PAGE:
The passel of lawsuits that have resulted from the awarding of the Boston metro license to Wynn Resorts is costing all those involved millions so far, with no end in sight.
The Massachusetts Gaming Commission, which has been sued by the city of Boston, Revere and Somerville in separate lawsuits, between them spent more than $1.4 million so far since the lawsuit was filed last October.
The suits accuse individual members of the commission of misconduct and corruption in awarding the license to the $1.7 billion proposal. Wynn is not a party to the lawsuits, although his attorneys have hinted that he might jump in with defamation suits against Boston Mayor Martin Walsh.
The commission was expected to file a motion by July 31 to dismiss the lawsuits. The judge has scheduled September 22 to hear the arguments in the case.
Somerville Mayor Joseph Curtatone defended his city’s lawsuit, “We are a nation of laws, not men. Yet throughout the greater Boston area licensing process, we have seen the Massachusetts Gaming Commission and the Commonwealth itself change the rules.”
Boston’s legal costs are the lion’s share at $684,718. This expenditure has been necessary to protect the interests of the neighborhood of Charlestown, according to Walsh. One of the lead attorneys for the city is Thomas Frongillo, a former assistant U.S. Attorney for Massachusetts.
Revere’s legal costs of $350,000 are being borne by the Mohegan Sun, which had partnered with Suffolk Downs for a casino proposal that lost to Wynn. Mayor Daniel Rizzo declared, “We do not believe that the residents of Revere received a fair outcome. The city has lost many millions of dollars in improvements, revenue and jobs as a result of the Gaming Commission’s flawed and tainted process.”
A spokesman for Wynn accused the Mohegan Sun of trying to delay competition to its casino in Connecticut for as long as possible.
The commission has spent $320,000 on five attorneys from the Cambridge-based firm of Anderson & Krieger.
The lawsuit is spilling over into a federal prosecution against three men accused of trying to hide the fact that a convicted felon, Charles Lightbody, was a part owner and silent partner in the property Wynn purchased for the casino. Lightbody and fellow defendants Dustin DeNunzio of Cambridge and Anthony Gattineri have petitioned the court to compel disclosure of the records that Boston’s attorneys allege exist, including records of a “wiretap room,” where information was passed to private investigators working for Wynn.
Michael Connolly, Gattineri’s attorney argued that it should be determined whether Wynn was a party to covering up Lightbody’s participation.
“Wynn had every reason to support this criminal investigation where it is an alleged victim,” said Gattineri. “If it was known to have willingly tolerated the presence of a felon, it might have run the risk of losing its license.”
Accusations that representatives for Wynn were given unauthorized access to information from that investigation prompted federal prosecutor Kristina Barclay, an assistant U.S. attorney, to tell the judge, “Without a shred of evidence, and despite having been warned that the ‘alleged incident’ never happened, the defendants seized on a rumor spewed and spun by the City of Boston in a vicious civil lawsuit against the Massachusetts Gaming Commission (MGC) and filed…a motion questioning the integrity of this criminal prosecution.”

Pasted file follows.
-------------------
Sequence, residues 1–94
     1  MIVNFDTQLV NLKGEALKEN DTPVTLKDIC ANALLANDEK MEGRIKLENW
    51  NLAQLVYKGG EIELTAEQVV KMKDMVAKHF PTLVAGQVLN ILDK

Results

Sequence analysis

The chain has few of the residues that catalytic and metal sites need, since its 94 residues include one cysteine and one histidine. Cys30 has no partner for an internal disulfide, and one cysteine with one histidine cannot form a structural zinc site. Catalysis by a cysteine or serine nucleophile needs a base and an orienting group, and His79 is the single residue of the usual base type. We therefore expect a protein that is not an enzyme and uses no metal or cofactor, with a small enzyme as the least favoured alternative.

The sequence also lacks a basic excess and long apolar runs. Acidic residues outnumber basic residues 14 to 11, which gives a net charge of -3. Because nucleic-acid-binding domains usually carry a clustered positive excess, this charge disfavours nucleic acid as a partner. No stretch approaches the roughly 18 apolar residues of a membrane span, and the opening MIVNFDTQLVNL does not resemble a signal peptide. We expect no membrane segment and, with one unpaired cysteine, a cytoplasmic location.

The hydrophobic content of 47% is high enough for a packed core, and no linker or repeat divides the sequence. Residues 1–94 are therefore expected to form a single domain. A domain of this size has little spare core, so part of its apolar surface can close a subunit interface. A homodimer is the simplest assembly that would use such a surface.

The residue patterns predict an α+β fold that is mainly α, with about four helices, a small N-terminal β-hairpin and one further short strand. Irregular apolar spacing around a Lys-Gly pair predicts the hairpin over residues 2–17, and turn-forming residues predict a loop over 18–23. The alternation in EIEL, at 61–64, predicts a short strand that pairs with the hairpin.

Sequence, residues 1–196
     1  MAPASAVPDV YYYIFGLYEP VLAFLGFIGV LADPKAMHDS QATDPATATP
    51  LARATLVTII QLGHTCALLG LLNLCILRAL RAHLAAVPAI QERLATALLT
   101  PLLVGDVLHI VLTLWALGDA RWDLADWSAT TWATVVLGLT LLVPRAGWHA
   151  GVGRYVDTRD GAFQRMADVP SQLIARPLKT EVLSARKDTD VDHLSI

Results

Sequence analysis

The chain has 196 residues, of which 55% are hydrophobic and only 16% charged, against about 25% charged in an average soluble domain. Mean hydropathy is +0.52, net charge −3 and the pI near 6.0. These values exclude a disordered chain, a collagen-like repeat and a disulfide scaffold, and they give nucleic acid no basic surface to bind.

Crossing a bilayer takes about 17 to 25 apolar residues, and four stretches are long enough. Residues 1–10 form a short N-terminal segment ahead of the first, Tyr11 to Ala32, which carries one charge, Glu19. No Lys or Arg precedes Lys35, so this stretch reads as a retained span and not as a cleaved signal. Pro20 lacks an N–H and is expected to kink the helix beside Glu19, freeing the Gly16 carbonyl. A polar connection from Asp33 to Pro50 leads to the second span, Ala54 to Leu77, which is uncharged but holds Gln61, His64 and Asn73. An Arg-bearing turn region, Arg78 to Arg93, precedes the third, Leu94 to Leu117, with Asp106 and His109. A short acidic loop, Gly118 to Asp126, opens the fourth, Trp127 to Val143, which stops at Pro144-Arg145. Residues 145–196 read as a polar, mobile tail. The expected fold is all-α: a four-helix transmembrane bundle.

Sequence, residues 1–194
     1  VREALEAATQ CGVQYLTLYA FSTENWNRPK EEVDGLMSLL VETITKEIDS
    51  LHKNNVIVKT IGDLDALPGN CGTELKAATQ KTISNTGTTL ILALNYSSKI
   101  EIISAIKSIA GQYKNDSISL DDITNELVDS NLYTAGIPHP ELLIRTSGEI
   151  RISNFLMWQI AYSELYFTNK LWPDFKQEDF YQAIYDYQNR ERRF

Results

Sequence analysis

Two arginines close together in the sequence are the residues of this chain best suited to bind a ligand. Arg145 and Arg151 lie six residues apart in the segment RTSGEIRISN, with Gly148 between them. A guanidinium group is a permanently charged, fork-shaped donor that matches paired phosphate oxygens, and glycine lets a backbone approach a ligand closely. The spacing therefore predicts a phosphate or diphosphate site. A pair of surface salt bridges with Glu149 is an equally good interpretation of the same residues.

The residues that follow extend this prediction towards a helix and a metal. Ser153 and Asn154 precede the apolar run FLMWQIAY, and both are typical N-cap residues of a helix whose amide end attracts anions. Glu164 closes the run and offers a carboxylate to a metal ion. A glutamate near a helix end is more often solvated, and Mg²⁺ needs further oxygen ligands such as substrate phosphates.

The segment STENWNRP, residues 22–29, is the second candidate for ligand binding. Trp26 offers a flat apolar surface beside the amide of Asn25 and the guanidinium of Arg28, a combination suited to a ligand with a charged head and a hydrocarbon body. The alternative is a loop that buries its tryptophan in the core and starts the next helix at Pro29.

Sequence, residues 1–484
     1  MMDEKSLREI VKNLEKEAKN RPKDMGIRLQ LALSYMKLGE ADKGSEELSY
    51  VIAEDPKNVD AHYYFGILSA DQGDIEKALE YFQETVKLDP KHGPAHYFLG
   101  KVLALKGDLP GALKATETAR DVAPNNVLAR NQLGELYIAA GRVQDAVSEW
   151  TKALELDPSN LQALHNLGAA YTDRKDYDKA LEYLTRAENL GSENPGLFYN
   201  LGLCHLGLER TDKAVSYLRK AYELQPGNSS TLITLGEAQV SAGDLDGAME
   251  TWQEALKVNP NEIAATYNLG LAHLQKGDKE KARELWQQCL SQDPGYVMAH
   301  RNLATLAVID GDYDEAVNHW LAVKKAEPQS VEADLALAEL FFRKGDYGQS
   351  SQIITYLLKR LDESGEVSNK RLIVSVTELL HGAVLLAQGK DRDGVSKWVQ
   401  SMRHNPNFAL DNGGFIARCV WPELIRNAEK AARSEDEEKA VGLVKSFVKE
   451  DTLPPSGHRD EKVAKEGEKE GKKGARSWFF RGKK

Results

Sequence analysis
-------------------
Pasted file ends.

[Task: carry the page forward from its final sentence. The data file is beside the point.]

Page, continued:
Barclay introduced sworn affidavits from two retired state troopers who worked for Wynn as private investigators and who are alleged to have been granted access to information in the investigation. Both deny having access to information from the combined state and federal investigation.
Boston’s lawsuit cites the existence of a so-called “wiretap room,” that the two troopers deny ever existed.
“There are no unanswered questions,” said Barclay. “It’s hearsay.”
Walsh spokesman Bonnie McGilpin fired back, “The City of Boston sharply disagrees with the Assistant US Attorney’s characterization regarding the merits of this case. The City maintains that the Gaming Commission has not followed the law in its awarding of the Region A license and it is the City’s responsibility to fight to protect the rights of Boston’s public and the neighborhood of Charlestown.”
Wynn is not waiting around for the case to be decided. Last week it requested design and construction bids, which Wynn Everett President Robert DeSalvio declared, “mark the official start of the construction process of the Wynn Resort in Everett.”
The bids are sought in four areas: off-site roadway improvement design, environmental cleanup, building demolition design and site preparation, for a total of $50 million in contracts.
The environmental cleanup will account for the lion’s share of that amount: $30 million, and will include cleanup of the 33 acre former Monsanto chemical site. Wynn is promising to “go beyond what is required.” The process will require removing heavily contaminated soil, introducing stabilizers to prevent contaminants from leaking into the Mystic River, and isolating some contaminants within dry concrete.
The work includes restoring the shoreline to its natural state, plus landscaping. According to DeSalvio, “Along with the economic impact, this initial work will lead to tangible improvements like better roadways, faster commutes and a waterfront park that will benefit everyone in the community, not just Wynn guests.”
The Wynn project is expected to generate 4,000 construction jobs and 4,000 permanent jobs.
Southeastern Casino Zone
The mayor and residents of New Bedford reacted with shock and dismay last week to the news that the would-be developer of a $650 million casino resort along the city’s waterfront had pulled out due to a lack of funding. However, Mayor Jon Mitchell declared that the city wouldn’t “wallow in self-pity” but would pursue other economic development projects.
New Bedford Chamber of Commerce Chairman Joe Michaud declared, “We’re going to continue to focus on developing South Coast Rail. This is not the time for a pity party. This city has been knocked down before, and it will be knocked down again in the future.”